The Torah refers to children as fruit when it says to "be fruitful and multiply." This flows well with another verse in the Torah that refers to the human being as a tree.
Let's understand what is being portrayed here.
There are four parts to a fruit tree: Roots, Trunk, Branches, and Fruit.
The Roots are hidden underneath the ground; they are not seen yet they are the source of the tree. They can be compared to a person's thoughts. A person's thoughts are in the mind and unseen, yet all planned action has their roots in thought.
The Trunk is the tree itself. It is the revealed actions of a person. It is what the person is all about.
The Branches are that which grow forth and flourish from the tree. They are the expression, effect, and actualization of the actions of the person.
The Fruit is the product. It is the result of the action and its effect, yet it stands alone as its own independent entity.
To put this into baseball terminology, a player hitting a homerun is comprised of these four stages:
- Roots: He makes the decision in his mind to swing at a pitch to try to hit it.
- Trunk: He swings at the pitch and hits it.
- Branches: The ball flies 420 feet over the left field wall.
- Fruit: The score is now 1-0.
(Note how the Fruit is the product. It was caused by the thought to swing, the swing, and the effects of the swing, but it stands alone even after the thought, swing, and effect are gone.)
Now let's apply this theorem to human beings.
If children are the "fruit" of their parents, that means they are independent entities that result from their parents. That is to say, their behavior is the product of their parents' behavior. This means that what a person's child is inherently made up of is the thought of the parent, the action of the parent, and the effects of the action of the parent.
When we think of the inheritance a parent leaves to a child, our minds immediately turn to money. But there are other kinds of inheritance—emotional inheritance, psychological inheritance, spiritual inheritance, etc.
If a parent has a certain way of viewing and thinking about things, then the child will inherit that thought-process at the core of their being. If the parent has a certain method of acting or reacting, then the hard-drive of the child's gut-responses will be programmed accordingly. If the parents' actions would lead to certain effects, then the child's unconscious wiring might take that into account and makes adjustments depending upon its interpretation of the extent to which these effects were desired or not desired.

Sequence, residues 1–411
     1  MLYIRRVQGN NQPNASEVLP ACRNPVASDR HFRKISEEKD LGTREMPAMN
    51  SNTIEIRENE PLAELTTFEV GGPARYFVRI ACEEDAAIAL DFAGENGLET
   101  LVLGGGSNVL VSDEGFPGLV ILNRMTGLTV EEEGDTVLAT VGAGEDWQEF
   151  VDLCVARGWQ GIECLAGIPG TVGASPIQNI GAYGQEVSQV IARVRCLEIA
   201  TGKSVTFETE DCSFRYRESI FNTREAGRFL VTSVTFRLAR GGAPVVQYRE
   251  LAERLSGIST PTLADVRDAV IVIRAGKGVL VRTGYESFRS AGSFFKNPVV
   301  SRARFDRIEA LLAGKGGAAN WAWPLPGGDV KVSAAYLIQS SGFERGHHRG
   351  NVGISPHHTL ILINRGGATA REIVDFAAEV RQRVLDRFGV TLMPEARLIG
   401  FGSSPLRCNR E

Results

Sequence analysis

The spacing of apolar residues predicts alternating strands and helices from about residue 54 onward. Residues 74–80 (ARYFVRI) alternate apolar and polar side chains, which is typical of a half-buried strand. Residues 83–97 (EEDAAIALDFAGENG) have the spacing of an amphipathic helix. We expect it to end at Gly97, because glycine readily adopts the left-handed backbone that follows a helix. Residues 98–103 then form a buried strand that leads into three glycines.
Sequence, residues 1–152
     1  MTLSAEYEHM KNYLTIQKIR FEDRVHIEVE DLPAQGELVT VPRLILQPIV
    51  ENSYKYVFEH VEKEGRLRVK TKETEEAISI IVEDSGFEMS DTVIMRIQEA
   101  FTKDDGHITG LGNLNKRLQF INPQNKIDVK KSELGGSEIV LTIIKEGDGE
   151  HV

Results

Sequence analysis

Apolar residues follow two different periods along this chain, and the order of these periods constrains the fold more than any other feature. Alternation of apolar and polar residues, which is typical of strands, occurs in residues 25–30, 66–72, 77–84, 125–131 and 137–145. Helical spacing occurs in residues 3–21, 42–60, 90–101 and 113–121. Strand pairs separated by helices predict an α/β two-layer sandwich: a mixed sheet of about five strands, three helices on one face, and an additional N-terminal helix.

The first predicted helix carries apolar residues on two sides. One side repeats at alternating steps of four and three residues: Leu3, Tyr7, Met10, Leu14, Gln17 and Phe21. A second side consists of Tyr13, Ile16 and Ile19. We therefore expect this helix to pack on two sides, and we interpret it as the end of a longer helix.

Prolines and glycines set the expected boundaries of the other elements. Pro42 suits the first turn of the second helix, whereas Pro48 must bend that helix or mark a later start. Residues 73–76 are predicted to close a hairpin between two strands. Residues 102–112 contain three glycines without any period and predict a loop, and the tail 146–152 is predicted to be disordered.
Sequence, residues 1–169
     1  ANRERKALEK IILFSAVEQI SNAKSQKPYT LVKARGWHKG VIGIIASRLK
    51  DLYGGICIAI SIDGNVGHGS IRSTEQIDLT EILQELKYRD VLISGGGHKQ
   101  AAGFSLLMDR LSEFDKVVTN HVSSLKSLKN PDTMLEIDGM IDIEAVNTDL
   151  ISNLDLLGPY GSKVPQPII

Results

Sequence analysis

First-Nature Versus Second-Nature
At first it seems here as if I am absolving the child of any responsibility. It sounds like I am saying that the child is merely a product of his Nature and his Nurture, and he is destined to act out a script that has already been written for him.
But that is not my intent. After all, I referred to a product as being an independent entity.
What is meant by children being "products" is that their first-nature comes as a result of their parents. The child's definition of "normal," their gut instincts, and their deep-seated responses are pre-programmed based on their parents' thoughts, actions, and the effect of those actions. Just as a fruit's nature comes as a result of the roots, tree, and branches it was born from, the child's nature comes from the parents' "roots," "tree," and "branches."
But there is a difference between the fruit and the child.
Throughout its entire existence, the fruit has only the one nature it was "born" with. But the child grows up with the ability and responsibility to go beyond its first-nature to develop a second-nature.
In Judaism, we understand that it is here that spirituality begins.
Unlike Western society, which tends to view spirituality as some passive go-with-the-flow lifestyle, Judaism's understanding seems to be that such an "if it feels good do it" attitude is the path the animal takes. It is the animal that goes with the flow and does whatever it feels like doing whenever it feels like doing it.
While it is true a human being has such an animal nature, which includes all of his inclinations and pre-programming, this is only his first-nature. In contrast to the animal, the human being has a human soul enabling him to design and construct a choice-based second-nature. Each individual is capable of building an existence of personal determination and conscious living no matter how bad his or her parents seemingly messed up.
Parenting to the Core
If I was talking to you about your life or to your kid about his or her life, this is the conversation we would be having. We would be discussing how we are not robots destined to run on the autopilot of our instincts, inclinations, and subconscious, and how we can and should make conscious choices to live for our future instead of getting stuck in our past.